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Thread: Studio lights for a hack

  1. #21
    Peter De Smidt's Avatar
    Join Date
    Jan 2001
    Fond du Lac, WI, USA

    Re: Studio lights for a hack

    First, you need to know how much light you'll need, i.e. what'll give you the shutter speed and aperture that you want to shoot at with whatever film you pick. You'll need much less light to shoot at f/4, where you'll have very narrow depth of field, than at f/22. You can always turn bright light down, but if you don't have enough power.... Well, you can resort to really long shutter speeds or multiple flash pops, but that assumes that your subject isn't moving, or you don't care if there's subject movement.

    For portraits, continuous lights can be difficult on your subjects, if they get too bright. F/22, 1/25th, ei 100 would need a lot of light! This is a bit of a standard for led lights, not too dinky, pretty bright, decent quality, but not pro-level gear:

    Flash would be much cheaper. Personally, the best bang for the buck is Godox. I use their lithium battery speed lights for portraits. Speed lights don't have modeling lights, and so you have to know what you're doing. Studio strobes will have modeling lights, the brighter the better. can go battery powered, which is very convenient, as you get rid of long cords, and you can work away from AC power. On the other hand, battery power usually means a less bright modeling light, and there might also be a time limit on how long the light can stay on.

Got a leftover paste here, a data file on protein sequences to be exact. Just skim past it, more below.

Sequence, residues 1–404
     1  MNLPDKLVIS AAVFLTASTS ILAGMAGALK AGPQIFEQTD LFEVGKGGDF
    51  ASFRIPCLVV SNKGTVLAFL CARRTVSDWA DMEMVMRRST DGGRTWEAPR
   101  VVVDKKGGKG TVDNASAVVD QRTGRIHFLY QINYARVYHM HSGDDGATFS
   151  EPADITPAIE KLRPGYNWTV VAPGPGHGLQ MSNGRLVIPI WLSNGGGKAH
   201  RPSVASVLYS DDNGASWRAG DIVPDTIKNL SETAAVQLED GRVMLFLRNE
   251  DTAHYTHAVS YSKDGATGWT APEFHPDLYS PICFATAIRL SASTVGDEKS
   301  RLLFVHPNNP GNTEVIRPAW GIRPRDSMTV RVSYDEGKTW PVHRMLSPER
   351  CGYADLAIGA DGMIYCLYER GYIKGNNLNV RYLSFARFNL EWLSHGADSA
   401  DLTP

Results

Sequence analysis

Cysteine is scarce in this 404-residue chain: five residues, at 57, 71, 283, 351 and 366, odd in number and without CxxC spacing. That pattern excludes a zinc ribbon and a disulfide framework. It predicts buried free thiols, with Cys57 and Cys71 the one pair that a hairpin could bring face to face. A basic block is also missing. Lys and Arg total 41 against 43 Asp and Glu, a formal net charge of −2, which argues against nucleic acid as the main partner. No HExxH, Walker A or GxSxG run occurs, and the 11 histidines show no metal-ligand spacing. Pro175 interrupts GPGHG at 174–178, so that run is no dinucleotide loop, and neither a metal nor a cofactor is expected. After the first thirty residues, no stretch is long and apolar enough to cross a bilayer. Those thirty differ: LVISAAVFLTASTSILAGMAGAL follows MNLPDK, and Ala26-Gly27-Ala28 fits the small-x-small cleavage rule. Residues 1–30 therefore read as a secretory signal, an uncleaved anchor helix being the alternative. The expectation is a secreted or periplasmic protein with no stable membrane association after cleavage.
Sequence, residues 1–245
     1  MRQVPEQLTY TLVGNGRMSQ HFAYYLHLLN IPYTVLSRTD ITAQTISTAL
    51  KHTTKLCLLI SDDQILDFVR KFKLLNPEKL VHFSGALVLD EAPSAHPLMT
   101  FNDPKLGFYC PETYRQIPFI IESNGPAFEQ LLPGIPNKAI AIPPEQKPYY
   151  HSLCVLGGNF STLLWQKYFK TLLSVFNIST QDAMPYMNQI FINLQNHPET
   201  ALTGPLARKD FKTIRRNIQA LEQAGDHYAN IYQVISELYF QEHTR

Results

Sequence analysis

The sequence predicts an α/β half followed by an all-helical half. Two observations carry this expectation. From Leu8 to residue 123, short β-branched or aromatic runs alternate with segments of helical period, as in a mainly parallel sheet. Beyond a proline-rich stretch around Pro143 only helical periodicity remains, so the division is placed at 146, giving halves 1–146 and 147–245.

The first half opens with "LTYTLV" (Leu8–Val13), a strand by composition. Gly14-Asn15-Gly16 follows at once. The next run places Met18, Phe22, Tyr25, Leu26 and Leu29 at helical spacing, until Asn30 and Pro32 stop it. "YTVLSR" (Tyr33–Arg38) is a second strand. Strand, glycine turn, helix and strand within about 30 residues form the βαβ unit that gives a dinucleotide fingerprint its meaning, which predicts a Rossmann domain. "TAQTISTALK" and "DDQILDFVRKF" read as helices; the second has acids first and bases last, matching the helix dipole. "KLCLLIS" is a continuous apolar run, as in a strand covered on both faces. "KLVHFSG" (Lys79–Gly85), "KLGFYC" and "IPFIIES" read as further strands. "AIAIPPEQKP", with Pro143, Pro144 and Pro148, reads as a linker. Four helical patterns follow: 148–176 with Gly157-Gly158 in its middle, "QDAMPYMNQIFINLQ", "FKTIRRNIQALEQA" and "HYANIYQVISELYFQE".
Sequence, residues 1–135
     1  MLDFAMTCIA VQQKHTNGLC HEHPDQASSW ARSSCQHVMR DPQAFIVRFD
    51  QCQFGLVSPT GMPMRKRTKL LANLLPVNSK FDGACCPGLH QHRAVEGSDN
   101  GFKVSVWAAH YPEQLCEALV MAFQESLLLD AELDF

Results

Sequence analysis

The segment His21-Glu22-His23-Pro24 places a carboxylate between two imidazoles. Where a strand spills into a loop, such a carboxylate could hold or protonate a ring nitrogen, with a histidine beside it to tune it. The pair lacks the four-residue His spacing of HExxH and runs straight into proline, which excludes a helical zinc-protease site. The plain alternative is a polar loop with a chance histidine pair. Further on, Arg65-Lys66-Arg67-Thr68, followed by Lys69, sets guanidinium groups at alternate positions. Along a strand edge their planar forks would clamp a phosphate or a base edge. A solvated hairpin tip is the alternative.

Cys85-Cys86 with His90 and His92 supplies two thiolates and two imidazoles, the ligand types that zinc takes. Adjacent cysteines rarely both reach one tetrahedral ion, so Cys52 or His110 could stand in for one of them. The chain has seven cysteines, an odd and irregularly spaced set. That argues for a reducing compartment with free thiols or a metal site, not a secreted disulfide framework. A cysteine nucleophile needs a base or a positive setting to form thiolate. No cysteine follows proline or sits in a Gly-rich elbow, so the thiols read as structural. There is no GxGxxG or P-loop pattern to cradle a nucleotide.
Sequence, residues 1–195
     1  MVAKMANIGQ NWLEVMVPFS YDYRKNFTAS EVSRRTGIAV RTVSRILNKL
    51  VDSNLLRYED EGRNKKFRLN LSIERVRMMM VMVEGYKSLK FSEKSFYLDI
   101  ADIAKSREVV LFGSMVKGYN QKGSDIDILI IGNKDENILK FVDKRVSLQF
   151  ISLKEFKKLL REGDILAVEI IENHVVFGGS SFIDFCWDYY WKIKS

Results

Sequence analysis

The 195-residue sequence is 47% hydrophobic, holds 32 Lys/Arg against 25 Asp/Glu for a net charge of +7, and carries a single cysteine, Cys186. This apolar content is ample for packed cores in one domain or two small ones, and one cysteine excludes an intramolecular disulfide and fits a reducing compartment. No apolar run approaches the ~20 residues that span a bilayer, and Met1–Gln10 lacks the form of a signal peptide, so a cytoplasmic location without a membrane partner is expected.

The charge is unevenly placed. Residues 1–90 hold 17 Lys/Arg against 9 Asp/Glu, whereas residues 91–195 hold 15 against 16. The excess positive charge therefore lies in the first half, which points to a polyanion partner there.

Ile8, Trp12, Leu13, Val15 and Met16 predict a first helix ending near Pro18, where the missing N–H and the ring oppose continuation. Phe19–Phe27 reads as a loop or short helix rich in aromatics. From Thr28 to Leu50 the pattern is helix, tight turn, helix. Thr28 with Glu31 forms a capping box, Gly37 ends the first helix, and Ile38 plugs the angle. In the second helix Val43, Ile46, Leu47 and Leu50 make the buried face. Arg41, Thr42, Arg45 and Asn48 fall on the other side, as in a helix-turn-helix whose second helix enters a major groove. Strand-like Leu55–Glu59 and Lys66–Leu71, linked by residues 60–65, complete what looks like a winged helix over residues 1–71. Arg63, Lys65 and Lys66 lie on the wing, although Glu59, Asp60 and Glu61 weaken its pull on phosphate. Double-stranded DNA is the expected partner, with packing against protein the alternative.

Here's an interesting looking Godox:

    Here's a photo taken with 3 Godox speedlights in small soft boxes:

    A good site to learn more is A more educational site is the strobist.

    If you get softboxes, get all the same brand an age. Otherwise their color temp can vary.
    “You often feel tired, not because you've done too much, but because you've done too little of what sparks a light in you.”
    ― Alexander Den Heijer, Nothing You Don't Already Know

  2. #22

    Re: Studio lights for a hack

    Thanks all, great to see the help!

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